Archive for the ‘webdesign’ Tag

A man who letter spaces lower-case letters will steal your sheep?!

I had a random conversation with my wife last night concerning a few issues on the new business cards I had ordered for the company. I mentioned to her how an art director once lent me a book on typography that stated :

a man who letter spaces lower-case letters will steal your sheep

Needless to say that on those business cards I letter spaced the hell out of my lowercase words. I have always used this technique, and have always found it clean, modern, and easy to read.

She then proceeded to ask me

Is that something you want you company to be remembered for?

After much consideration I had arrived at my answer….Why the heck not?!

My conclusion was quite simple. Typography has always been around, and despite what most designers will think (I’ll probably get slammed for this..) I don’t think any person, or group of people, created it; nor had they set any type of standards for typography.

The way I see design is different than most. I wasn’t taught by some over-the-hill professor with a glass eye who created Helvetica and why they are a man among men. Some lady who creates greeting cards for Hallmark didn’t teach me the difference between serif and sans-serif fonts. No, I learned to design off gut instinct, despite how many “design rules” I break. The hell with rules. If good designers followed rules 24-7 then there would be no separation in style, each piece would replicate one another. After all when it comes to design, anything you can think of, has already been done…Right?!

To me, web design is all about conveying information to the users in the most direct, clean and usable manner. At the same time you must capture the feel of the company you are designing for, and its purpose. As long as you abide by those “rules” then your good to go!

Explore, Create, Inspire. Its fun to break rules. And sometimes the best designs are created by those who know nothing about design standards.. Who sets those anyways?! AIGA


Return on Investment + Measurable Goals + Design = Headache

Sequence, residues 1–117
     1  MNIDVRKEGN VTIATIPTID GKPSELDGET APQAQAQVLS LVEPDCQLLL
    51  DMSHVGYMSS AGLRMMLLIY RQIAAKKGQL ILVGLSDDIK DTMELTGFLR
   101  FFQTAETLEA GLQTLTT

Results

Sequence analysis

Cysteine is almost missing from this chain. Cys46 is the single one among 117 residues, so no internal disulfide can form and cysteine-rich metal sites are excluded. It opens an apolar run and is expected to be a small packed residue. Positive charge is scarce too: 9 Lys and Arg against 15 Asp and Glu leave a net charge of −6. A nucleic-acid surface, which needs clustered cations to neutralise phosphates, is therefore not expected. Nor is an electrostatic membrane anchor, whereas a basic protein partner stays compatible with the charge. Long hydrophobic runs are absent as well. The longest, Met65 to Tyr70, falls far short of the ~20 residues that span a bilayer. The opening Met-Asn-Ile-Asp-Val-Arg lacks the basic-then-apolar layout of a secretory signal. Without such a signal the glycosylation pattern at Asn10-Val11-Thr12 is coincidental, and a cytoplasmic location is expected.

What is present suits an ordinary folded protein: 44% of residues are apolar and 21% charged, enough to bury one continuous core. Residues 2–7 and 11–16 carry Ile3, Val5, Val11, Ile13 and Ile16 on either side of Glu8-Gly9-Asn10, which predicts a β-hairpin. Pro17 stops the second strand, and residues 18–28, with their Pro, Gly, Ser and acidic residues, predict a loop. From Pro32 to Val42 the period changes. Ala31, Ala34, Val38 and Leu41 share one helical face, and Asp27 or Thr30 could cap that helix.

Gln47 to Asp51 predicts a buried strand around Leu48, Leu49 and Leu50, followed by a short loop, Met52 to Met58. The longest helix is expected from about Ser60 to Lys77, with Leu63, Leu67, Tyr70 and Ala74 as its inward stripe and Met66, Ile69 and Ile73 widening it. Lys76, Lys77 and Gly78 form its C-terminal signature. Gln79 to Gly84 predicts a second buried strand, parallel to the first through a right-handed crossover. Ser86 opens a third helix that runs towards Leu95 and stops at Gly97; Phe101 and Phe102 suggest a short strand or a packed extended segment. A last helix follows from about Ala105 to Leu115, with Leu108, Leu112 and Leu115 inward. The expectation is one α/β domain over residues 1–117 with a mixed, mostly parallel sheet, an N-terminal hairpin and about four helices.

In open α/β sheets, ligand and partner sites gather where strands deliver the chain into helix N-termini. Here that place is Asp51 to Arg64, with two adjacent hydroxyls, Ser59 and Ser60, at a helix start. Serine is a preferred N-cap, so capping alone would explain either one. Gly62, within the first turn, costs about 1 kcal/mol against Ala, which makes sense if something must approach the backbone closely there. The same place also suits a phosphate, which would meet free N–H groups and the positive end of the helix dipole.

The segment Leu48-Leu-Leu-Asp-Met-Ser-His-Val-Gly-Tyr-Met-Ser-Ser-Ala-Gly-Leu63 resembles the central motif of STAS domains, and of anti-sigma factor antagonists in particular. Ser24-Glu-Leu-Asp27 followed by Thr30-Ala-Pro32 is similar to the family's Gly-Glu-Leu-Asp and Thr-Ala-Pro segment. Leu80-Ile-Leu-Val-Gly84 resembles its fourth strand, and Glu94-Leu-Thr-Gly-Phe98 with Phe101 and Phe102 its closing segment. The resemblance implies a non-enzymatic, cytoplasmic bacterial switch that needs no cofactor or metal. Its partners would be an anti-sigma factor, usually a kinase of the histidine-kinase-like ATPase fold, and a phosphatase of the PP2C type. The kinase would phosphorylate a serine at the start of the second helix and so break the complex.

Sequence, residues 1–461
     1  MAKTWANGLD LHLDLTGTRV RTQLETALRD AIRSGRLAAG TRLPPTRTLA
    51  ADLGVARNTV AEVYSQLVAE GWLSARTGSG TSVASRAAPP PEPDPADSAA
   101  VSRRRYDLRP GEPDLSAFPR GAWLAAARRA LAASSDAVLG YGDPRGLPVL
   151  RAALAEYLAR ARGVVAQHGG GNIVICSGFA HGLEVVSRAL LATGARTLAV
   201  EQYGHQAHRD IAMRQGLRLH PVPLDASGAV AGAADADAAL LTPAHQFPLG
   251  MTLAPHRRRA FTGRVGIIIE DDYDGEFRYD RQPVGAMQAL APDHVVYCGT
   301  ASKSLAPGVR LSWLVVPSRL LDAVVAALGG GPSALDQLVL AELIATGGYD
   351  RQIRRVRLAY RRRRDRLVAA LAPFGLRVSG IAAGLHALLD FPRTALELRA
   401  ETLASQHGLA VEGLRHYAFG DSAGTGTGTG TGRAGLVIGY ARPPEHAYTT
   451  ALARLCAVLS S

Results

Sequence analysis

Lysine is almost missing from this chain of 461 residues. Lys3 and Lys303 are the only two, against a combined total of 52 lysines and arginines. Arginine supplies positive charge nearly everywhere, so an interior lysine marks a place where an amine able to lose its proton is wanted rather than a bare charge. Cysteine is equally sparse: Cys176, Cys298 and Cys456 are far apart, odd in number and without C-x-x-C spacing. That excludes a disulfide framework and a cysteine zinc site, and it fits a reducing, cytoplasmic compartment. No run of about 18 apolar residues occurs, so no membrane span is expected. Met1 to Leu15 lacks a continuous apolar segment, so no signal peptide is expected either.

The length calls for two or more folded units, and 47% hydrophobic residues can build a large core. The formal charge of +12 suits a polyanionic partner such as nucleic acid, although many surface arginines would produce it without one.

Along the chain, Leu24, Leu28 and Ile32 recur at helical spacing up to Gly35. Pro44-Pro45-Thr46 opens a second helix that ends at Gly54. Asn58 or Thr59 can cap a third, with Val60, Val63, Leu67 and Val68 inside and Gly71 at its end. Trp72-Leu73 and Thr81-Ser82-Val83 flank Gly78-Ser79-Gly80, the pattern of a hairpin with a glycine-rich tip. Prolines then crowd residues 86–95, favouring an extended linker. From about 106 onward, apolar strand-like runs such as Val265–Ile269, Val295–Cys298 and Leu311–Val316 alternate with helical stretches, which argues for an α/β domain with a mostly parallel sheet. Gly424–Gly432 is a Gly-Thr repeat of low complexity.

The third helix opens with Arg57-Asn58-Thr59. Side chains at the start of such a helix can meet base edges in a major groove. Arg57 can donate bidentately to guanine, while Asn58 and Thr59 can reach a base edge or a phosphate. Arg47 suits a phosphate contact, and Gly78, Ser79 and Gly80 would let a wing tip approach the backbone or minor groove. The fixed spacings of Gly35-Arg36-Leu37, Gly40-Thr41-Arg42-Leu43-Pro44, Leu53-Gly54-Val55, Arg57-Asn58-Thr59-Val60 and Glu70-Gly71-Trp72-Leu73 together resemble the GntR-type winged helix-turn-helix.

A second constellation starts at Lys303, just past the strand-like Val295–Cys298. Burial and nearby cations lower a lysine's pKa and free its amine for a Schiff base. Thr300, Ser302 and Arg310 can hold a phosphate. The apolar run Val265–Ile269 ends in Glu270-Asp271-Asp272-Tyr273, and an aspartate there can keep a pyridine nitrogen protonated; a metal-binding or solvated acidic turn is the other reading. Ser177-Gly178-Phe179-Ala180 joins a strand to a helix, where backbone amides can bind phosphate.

I haven’t been around much as of late. Not for lack of interest or commitment, but more so for lack of time and energy.

I have been carrying quite a design load around with me lately, in light of recent events this isn’t a bad thing. But, It feels really good when you are able to kick something out while being rushed that not only the client loves, but you are fond of as well. So you can imagine how hard it is to swallow concerning comments after satisfying not only the client but yourself. Especially when it comes from a colleague.
I fully understand why ROI is important not only from an analytic and client standpoint, but from a sales tool and case study point of view as well.

Basically, conversation have been going back and forth concerning our creative processes and over all design recently. It seems the concern is that designers worry more about colors, images, design flow, interface, and overall user experience thus, putting return on investment and measurable goals on the back burner.

This concerns me, as the absolute first question that I ask the client during our meeting is

what MEASURABLE GOAL do you want your website to accomplish?

from there I can start laying things out in my head, make changes to the scope where applicable, and overall start working out how to get a user from point a. (the homepage) to point b. (the web-owner’s measurable goal ie. checkout, donation form, event listing, etc.). It could be as simple as adding a prominent “donate now” button to the navi that will show up on every page, or as intricate as testing design flow on multiple users and what it is that they are looking for.

At this point i believe it is out of my hands and I have fully attacked ROI head on and made design related choices that will help benefit the clients roi, and help them reach their “measurable goals”. Is there something that I’m missing? There might just be.

I suppose that’s the question. What more can we do as interface architects to push the roi process post scope.